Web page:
A new study finds that the unintended pregnancy rate in the United States declined by 18 percent between 2008 and 2011, falling to the lowest rate in more than three decades. The study, published in the New England Journal of Medicine, attributes the dramatic decline in unintended pregnancies to the increasing use of long-acting reversible contraceptive methods, especially intrauterine devices (IUDs).
Reducing the unintended pregnancy rate has long been a public health priority in the United States, where approximately half of all pregnancies each year are unintended. While unintended pregnancy rates are declining around the world, the United States notoriously falls behind countries that have similar levels of wealth and industrialization, resulting in profound public health consequences
. Research shows that unintended pregnancies are associated with a variety of adverse economic, psychosocial, and maternal health outcomes, as well as poor infant and child health outcomes, including preterm birth, low birthweight, and impaired child development.
In this latest study, researchers from the Guttmacher Institute analyzed previously collected data from several sources to assess the rate of unintended pregnancy among women and girls ages 15 to 44. The results showed that there were 45 unintended pregnancies for every 1,000 women and girls in 2011, compared to 54 for every 1,000 in 2008. That’s the lowest rate observed since the Guttmacher Institute began keeping records 35 years ago. Rates went down “across nearly all age, income, education and race and ethnic groups,” the researchers reported, though stark disparities remain among poor women and women of color.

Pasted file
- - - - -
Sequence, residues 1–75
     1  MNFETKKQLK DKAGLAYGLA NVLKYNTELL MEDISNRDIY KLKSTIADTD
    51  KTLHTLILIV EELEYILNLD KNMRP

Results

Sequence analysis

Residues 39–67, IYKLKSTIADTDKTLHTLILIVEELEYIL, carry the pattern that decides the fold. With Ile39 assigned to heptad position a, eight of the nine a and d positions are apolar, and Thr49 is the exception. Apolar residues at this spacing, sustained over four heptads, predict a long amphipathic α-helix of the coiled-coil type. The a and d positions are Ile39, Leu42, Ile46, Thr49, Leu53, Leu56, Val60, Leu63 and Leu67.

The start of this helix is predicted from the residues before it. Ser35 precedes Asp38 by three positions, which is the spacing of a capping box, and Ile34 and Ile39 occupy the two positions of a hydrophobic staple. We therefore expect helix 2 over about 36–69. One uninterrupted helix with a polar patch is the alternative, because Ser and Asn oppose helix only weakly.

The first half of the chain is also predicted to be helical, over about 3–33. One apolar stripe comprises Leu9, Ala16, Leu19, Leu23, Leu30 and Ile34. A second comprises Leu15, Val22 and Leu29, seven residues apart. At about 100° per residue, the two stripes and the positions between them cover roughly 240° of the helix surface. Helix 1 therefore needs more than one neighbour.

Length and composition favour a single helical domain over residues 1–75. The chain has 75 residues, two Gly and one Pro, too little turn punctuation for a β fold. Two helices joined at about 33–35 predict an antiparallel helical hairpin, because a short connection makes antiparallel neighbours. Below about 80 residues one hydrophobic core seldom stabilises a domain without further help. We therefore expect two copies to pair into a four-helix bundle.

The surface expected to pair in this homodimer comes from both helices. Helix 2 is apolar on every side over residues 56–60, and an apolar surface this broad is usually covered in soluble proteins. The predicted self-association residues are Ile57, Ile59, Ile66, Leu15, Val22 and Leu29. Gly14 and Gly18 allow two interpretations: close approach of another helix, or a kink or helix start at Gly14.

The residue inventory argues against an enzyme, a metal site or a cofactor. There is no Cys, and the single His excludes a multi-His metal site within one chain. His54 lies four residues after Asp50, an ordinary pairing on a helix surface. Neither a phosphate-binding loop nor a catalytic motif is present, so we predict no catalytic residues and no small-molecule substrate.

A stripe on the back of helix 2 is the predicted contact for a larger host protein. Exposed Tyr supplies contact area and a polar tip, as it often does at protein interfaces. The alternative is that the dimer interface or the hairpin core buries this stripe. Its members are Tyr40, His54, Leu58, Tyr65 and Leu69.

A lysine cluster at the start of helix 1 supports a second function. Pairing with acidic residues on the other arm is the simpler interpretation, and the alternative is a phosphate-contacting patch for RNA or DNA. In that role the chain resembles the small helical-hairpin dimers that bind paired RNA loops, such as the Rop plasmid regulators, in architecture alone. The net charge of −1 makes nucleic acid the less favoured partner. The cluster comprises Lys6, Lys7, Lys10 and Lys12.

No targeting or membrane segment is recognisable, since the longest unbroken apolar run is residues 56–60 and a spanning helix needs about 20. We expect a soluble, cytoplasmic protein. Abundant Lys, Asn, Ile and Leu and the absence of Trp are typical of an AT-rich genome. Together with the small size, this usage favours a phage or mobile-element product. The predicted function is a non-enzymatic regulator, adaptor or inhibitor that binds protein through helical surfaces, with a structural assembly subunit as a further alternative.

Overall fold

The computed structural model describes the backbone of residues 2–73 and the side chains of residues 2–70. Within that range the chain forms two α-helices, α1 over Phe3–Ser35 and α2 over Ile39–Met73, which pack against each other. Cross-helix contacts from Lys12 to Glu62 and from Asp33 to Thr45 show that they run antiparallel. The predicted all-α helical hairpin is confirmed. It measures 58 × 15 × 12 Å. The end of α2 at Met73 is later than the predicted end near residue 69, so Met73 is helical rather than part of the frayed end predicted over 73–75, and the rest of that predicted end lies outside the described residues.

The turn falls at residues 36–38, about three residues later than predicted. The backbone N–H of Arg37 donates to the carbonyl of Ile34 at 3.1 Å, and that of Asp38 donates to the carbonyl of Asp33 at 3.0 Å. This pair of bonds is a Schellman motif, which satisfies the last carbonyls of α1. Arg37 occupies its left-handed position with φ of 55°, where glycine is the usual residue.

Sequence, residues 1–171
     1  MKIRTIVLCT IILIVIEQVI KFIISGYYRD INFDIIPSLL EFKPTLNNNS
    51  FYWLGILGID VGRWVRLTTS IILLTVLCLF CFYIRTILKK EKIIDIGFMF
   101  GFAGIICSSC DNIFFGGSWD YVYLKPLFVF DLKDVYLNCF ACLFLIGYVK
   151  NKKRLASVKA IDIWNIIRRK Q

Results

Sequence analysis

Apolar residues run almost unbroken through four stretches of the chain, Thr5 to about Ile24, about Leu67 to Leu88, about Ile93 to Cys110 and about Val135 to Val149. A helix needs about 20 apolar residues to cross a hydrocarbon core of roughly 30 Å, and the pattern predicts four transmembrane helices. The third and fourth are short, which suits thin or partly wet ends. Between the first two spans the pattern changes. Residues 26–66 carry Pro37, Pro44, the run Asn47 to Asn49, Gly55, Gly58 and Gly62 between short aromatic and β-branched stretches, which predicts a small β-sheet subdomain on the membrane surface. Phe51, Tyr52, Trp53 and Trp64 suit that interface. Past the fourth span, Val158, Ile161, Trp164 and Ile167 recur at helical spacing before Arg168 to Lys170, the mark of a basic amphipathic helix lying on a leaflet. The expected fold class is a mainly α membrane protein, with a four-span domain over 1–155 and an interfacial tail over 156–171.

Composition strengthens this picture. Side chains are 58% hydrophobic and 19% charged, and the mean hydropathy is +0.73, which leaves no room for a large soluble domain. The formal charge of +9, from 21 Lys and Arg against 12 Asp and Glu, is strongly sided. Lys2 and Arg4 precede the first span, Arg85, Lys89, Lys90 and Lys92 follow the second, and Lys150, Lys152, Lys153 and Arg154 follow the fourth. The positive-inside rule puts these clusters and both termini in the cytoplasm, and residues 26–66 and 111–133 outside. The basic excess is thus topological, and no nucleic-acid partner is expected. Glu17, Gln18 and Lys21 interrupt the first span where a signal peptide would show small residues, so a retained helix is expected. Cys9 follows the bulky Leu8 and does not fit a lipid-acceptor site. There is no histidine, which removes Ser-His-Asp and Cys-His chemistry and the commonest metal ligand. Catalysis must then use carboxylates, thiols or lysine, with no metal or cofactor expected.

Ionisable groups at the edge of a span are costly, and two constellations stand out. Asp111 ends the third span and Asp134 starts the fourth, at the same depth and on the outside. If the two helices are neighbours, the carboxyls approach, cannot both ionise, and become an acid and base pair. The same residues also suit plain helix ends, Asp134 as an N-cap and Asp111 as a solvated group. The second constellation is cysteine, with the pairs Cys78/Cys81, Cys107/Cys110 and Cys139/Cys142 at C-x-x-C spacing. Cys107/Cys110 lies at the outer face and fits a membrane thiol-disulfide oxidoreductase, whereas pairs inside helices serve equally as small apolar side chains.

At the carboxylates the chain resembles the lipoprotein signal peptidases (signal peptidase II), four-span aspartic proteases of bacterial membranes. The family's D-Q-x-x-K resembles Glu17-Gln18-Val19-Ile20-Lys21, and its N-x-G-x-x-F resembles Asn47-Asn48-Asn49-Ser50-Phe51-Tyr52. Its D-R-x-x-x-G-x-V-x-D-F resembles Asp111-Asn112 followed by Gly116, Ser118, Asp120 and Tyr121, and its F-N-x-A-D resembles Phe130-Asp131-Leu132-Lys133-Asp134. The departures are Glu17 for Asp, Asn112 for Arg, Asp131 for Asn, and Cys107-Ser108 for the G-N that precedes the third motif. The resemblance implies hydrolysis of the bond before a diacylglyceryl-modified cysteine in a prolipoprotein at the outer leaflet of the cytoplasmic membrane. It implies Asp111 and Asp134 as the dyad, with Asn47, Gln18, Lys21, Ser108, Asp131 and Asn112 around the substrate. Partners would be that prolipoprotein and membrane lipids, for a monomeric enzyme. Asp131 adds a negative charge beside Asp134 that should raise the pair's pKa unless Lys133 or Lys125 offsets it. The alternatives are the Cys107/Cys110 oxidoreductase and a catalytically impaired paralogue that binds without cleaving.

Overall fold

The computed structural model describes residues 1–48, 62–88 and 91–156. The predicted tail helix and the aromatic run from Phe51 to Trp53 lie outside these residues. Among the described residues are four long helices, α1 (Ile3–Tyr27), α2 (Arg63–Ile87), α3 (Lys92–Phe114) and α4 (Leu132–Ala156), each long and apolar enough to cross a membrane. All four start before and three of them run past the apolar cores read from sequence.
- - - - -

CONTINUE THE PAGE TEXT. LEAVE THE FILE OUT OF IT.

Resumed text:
“After a long period of minimal change, the unintended pregnancy rate has declined to the lowest rate observed in the United States since we first began tracking these numbers in 1981, and by 18 percent in just three years,” Dr. Lawrence Finer, the study’s lead author, said in a statement.
The study links the drop in unintended pregnancy to a corresponding increase in the use of intrauterine devices and other long-acting reversible contraceptives (LARCs) such as birth control implants. From 2007 to 2012, the use of IUDs and other LARCs more than tripled among U.S. women. According to the American College of Obstetrics and Gynecologists, LARCs are the most reliable and effective form of reversible birth control available. Over the long term, LARC methods are 20 times more effective than birth control pills, the patch, or the ring, with an efficacy rate of more than 99 percent — about the same as sterilization, except these methods are reversible if and when a woman decides to become pregnant.
“When women have access to a broad method mix that includes highly effective [contraceptive] methods, they can choose the method that is best suited for them,” Dr. Finer said. “This reduces their risk of unintended pregnancy and leads to better health outcomes for women and their families.”
The researchers are hopeful that the introduction of the Affordable Care Act could drive the unintended pregnancy rate down even further by expanding access to LARCs and other forms of birth control with no co-pay. Previous studies have found that when women aren’t prohibited by cost, they choose more effective, long-lasting forms of birth control and experience significantly fewer unintended pregnancies as a result.
“Given that we researched a period that was before the Affordable Care Act, we’re interested to see what is going to happen going forward,” Finer said. “We may see a continued downward trend.”